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Sunday, November 09, 2008

Cal Thomas sez: The Religious Right is dead (AMEN to that!)

A few days ago on this blog I wrote about how conservative Christians bore much of the blame for the election of Barack Obama. That they had let their pursuit of power blind them so much that they failed to see Christ and what He stood for anymore.

And now, writing in Jewish World Review (a very good publication, I might add), Cal Thomas doesn't just echo those same sentiments, he articulates them far better than I could.

From his essay "The Religious Right, R.I.P."...

Thirty years of trying to use government to stop abortion, preserve opposite-sex marriage, improve television and movie content and transform culture into the conservative Evangelical image has failed. The question now becomes: should conservative Christians redouble their efforts, contributing more millions to radio and TV preachers and activists, or would they be wise to try something else?

I opt for trying something else...

Too many conservative Evangelicals have put too much faith in the power of government to transform culture. The futility inherent in such misplaced faith can be demonstrated by asking these activists a simple question: Does the secular left, when it holds power, persuade conservatives to live by their standards? Of course they do not. Why, then, would conservative Evangelicals expect people who do not share their worldview and view of God to accept their beliefs when they control government?

The essence of Thomas's piece is of such brilliance, that I sincerely believe that every self-declared "evangelical"/"conservative" church in America would do well to read it from the pulpit... and take his wisdom to heart. Click here to read the rest of his column.


Anonymous said...


The Religious Right is not the reason that Obama is the President-elect. That would be like saying that something other than the Depression swept FDR into office in 1932.

People vote their pocketbooks. That's a sad fact - but true.

Cal Thomas may not agree with the Religious Right in politics, but there is a strong Religious Left out there that is vibrant and vocal. The local churches in the Winston-Salem area who have been in jubulation since Obama's victory represent a huge slice of religious zealotry that cannot be linked to the Religious Right.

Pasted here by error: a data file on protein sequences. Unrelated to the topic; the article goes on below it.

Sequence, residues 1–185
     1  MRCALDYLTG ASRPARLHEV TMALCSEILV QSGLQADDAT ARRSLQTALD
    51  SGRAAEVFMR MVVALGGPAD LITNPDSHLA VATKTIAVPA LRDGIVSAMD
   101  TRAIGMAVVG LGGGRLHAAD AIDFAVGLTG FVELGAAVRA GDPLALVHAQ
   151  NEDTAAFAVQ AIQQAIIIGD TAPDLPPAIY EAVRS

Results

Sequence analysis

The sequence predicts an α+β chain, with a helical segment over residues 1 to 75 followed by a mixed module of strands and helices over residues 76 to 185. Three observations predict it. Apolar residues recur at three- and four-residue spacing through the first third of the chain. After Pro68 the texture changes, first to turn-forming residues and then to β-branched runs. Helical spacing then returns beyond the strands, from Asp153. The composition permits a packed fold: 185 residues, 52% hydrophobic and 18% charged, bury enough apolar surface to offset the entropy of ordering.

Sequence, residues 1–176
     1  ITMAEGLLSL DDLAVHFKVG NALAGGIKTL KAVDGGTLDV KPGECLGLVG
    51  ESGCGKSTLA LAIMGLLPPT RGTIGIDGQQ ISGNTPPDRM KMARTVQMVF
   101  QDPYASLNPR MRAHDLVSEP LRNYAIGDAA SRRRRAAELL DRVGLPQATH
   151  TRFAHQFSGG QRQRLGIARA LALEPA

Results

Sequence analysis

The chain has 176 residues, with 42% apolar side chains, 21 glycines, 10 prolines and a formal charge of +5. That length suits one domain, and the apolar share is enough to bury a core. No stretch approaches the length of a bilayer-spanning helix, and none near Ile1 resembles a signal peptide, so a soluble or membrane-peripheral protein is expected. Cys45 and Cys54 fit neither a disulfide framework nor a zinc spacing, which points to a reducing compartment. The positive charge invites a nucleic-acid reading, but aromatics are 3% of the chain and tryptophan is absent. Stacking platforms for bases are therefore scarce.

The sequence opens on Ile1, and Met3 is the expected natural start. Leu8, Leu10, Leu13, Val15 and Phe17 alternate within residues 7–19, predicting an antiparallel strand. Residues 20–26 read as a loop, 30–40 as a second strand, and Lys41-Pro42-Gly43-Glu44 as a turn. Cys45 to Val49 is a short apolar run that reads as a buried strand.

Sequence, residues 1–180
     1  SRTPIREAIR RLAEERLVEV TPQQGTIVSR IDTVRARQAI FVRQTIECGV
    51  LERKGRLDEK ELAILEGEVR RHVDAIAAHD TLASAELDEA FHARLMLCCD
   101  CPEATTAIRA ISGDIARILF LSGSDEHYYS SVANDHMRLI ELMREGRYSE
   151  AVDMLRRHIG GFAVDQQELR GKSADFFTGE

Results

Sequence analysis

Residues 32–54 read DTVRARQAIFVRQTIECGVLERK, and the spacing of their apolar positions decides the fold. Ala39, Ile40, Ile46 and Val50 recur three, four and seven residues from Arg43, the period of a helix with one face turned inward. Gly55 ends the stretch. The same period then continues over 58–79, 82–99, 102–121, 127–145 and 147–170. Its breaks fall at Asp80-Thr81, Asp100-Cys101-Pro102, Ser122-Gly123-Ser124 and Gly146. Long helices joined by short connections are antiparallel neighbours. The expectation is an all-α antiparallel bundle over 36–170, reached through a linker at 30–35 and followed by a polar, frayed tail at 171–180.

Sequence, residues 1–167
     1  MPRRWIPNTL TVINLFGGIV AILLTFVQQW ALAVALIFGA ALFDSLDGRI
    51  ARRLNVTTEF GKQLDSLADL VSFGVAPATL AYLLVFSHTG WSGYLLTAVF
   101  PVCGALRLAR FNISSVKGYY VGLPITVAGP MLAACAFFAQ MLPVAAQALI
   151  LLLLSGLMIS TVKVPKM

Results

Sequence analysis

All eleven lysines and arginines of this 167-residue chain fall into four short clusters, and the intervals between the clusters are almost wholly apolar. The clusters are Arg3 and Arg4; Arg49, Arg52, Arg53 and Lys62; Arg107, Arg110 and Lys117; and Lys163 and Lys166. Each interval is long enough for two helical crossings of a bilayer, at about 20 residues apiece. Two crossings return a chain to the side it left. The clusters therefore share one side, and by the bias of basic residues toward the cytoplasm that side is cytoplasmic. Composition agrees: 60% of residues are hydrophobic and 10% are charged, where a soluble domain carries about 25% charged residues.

In your attempts to demonize men like James Dobson, you fail to mention, Biblically, why a Christian leader does not have the right to get involved. Book and chapter please!

I didn't surrender my citizenship when I became a Christian. James Madison, the FATHER OF THE CONSTITUTION, said:

"We have staked the whole future of American civilization, not upon the power of government, far from it. We have staked the future of all our political institutions upon the capacity to sustain ourselves according to the TEN COMMANDMENTS of God."

Again, since you claim to know the Biblical position on these issues, please support your rhetoric with viable, Biblical, evidence. Until you do - you have more smog than blog.

Jeff Baity

Anonymous said...

You have every right to participate in democracy and I hope you do just that. However, many people will try to prevent you from passing laws based on your religious views. Our country is founded in the constitution, not the Bible. Otherwise, the supreme court would be interpreting the Bible, and probably not the way you would want them to. They have enough problems with the constitution. It's called separation of church and state. No Biblical citation is needed. There are a number of countries where the laws are based largely on religious text ... I don't think you would like them. It would put a real crimp in your worshiping style.

Chris Knight said...